So in your case, the reporter is simply not backshifting the tense. Take the example of :

A. We told people the doors of our English school will be open on January 2, 2019.

Since the youtube video was published on March 15, 2018, it can be deduced that the report happened earlier than March 15, 2018, and so the time reference in the clause was still valid at the time of the report (The doors of our English school will be open on January 2, 2019.). This makes backshift optional.

It is also correct to backshift. So the following are also correct:

A. We told people the doors of our English school would be open on January 2, 2019.

B. We already agreed this would happen!

You can see https://english.stackexchange.com/q/240479/313714 for more details.

  • Thank you. Assimilating your answer, let's imagine that the video was published on January 4, 2019 (after the opening of the English school). In that case, using 'will' instead of 'would' would be completely wrong? – SunnySideDown Jun 21 at 20:38
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    To be precise, what matters is when the sentence "We told people..." was reported. If the sentence was said on January 4, 2019, then using 'will' would be wrong, because the time reference of what was being reported would no longer be valid (not in the future anymore). Since the video was published on March 15, 2018, and so the date the sentence was reported has to be earlier than that date. – Tom Bennett Jun 21 at 21:07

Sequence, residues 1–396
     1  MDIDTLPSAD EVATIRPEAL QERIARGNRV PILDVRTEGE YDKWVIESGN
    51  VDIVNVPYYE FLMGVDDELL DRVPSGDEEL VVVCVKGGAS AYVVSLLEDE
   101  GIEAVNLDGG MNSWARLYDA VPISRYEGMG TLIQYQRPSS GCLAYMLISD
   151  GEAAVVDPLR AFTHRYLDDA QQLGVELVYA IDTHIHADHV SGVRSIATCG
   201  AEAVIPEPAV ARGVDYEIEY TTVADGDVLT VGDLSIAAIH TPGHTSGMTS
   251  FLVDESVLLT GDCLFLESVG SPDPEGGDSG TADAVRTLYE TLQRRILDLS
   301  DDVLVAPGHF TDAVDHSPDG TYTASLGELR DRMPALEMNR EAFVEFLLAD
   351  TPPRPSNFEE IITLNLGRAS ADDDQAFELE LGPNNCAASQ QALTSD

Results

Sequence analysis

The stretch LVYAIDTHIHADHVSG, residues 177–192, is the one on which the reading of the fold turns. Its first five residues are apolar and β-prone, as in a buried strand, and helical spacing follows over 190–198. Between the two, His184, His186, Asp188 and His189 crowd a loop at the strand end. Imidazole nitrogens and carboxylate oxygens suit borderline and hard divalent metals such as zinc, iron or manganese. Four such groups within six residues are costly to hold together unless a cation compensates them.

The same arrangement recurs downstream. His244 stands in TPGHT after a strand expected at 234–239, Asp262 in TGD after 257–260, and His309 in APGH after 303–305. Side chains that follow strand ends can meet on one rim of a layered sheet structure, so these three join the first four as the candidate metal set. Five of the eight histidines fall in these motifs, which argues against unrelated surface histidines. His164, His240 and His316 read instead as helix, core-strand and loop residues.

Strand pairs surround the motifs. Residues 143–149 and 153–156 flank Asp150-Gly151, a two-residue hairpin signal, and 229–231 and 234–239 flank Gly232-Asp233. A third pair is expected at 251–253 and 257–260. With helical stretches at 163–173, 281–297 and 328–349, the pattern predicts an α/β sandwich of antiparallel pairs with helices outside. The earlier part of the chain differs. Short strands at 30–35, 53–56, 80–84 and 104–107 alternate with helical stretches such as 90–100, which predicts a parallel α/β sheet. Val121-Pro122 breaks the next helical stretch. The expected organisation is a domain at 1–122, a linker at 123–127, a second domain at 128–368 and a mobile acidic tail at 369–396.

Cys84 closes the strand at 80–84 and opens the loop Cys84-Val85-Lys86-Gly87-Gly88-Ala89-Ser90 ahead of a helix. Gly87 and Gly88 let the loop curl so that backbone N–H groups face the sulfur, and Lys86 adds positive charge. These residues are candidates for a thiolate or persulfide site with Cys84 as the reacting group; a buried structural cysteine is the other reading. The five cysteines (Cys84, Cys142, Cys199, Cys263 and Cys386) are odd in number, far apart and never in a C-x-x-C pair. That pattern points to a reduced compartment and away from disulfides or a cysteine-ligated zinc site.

• "I heard her said that she was studying business administration"? That does not sound correct to me. – laugh Jun 21 at 23:34
  • Nice catch. It was a typo and is now corrected. Thanks for pointing it out. Let me know if there is anything else that is not clear. – Tom Bennett Jun 23 at 3:50
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The answer can be given in the context of the British council's web page you referred to. Here is a longer quote:

We use will to express beliefs about the present or future:

  • John will be in his office. (present)
  • We'll be late. (future)
  • We will have to take the train. (future)

We use would as the past of will, to describe past beliefs about the future:

  • I thought we would be late, so we would have to take the train.

Now, the examples you quoted from the video express Kristina's present belief, not her past belief. Therefore she correctly uses "will" in these sentences. The first part of both sentences refers to the past, but it is still her present belief.